Tuesday, February 23, 2010

Droning on about the Weather

Everywhere I have gone the last couple of days, I hear people talking about the snow to come. The foot-plus everyone got almost two weeks ago is a factor.A few shady lawns still have patches despite temps in the 40s.

Today, Dallas and Fort Worth are getting an inch or two. People are excited about this because if it hits 2 inches, it will set a record for snowiest winter. And it is snowing. Further south, the snow is heavier.

But I am slightly north, and not a snowflake has fallen. I'm minorly disappointed, partly pleased. Lows in the 20s overnight with no moisture means no icy roads, Good. It rained Sunday, and the landscape is already dotted with puddles that have grown into semi-permanent ponds. It is an interesting problem. I wonder what the aftereffects will be, besides less local produce and many more mosquitoes.

Two years ago, we had a drought so severe outside, watering was almost forbidden. Texas continues to have hundreds of people moving in daily. Add that to less water, and public officials all but banned outside watering. The ban on watering between 10 a.m. and 6 p.m. remains in effect. Public outrage last summer when some miscreant blatantly watered midday was similar to public outrage if a smoker lights up in a smoke-free restaurant.

The H1N1 flu scare last fall seems to have dwindled, but it is pleasant now always finding soap dispensers in public bathrooms well-filled. Using hand sanitizer regularly seems to be a new cultural custom. In a mall last week, I saw a store with spa products displaying a basket of cleanser-moisturizer samples for public use. My friend pounced on it and was greatly pleased.

Humans are adaptible. We are proud of ourselves for that. Nowadays, we tend to be shocked when nature is bigger than we are. And it is. But we maneuver. We adapt. We change some of our behaviors.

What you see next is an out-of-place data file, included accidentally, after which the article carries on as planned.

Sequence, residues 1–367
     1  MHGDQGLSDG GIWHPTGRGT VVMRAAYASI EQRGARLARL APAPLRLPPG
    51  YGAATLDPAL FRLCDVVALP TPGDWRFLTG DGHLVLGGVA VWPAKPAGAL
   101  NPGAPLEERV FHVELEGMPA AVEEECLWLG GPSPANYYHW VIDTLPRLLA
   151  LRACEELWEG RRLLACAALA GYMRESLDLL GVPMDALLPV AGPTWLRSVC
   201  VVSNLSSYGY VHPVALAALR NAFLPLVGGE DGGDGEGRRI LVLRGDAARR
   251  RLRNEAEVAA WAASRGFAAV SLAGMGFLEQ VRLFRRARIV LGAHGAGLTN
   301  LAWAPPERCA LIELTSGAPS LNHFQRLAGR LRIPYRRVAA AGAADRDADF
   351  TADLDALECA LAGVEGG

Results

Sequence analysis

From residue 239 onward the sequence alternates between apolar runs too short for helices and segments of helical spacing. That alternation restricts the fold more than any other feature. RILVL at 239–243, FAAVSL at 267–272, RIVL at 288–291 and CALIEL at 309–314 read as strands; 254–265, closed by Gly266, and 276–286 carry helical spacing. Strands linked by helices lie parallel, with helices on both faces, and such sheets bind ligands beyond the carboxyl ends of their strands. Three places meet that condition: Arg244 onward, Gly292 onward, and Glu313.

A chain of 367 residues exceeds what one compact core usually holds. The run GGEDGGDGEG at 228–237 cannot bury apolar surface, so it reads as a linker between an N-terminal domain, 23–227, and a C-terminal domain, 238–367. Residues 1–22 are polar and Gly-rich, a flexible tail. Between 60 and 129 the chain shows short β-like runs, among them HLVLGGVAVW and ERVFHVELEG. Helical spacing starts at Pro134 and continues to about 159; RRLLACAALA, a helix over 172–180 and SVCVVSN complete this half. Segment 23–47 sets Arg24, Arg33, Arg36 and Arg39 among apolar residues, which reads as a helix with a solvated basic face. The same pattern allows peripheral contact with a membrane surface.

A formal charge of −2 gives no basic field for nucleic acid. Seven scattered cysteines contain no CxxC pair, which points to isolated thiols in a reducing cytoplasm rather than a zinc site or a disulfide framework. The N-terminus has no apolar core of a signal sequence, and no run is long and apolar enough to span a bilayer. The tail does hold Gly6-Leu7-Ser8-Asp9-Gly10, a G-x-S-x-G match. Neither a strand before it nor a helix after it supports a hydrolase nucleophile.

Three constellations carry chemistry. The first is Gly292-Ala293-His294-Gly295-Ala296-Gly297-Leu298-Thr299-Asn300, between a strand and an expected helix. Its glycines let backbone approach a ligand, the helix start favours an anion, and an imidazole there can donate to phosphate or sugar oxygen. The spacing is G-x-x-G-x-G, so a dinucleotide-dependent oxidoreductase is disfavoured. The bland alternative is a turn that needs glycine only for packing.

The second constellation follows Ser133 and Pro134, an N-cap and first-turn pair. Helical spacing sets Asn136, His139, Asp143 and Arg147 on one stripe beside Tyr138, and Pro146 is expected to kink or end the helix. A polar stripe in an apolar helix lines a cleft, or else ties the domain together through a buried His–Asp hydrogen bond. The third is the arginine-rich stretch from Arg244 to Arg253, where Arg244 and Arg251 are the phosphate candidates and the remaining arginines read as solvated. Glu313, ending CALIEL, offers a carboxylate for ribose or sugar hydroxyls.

Having lived in this area for decades, I hadn't realized how long it had been since a cold winter in North Texas. I talked to a man yesterday who moved here in 1994 and said he never remembers sustained cold weather here. Hmm. That means December in 1983 was the one when temperatures rose above 32 degrees only a few days. Like today, that also was an El Nino year. Not much moisture, though.

In the winter of 1977-78, I remember commuting to work when it snowed-or sleeted-every Wednesday for five weeks. On the sixth, it snowed 9 inches on Friday. Curltural reaction? The next fall, we had much warmer clothing in the stores than are usually available down here. I think the cities bought a lot more sand for the trucks, too. Probably didn't use it up for several years.

Areas where snow is usually plentiful are having near drought this winter. Other places are having record amounts. Aberration or pattern change? We'll have to wait and see.And we'll have to wait more than a year or two.

(sigh) there's so much more. Weather really is important. Resurces--and people--really are finite.

I suspect average citizens in third world countries understand this quite well without the science involved. The average citizen here is still an innocent.


Jeannie B. said...

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charlotte g said...

Thank you Jeannie. You made me smile. You nailed me really well. Wow.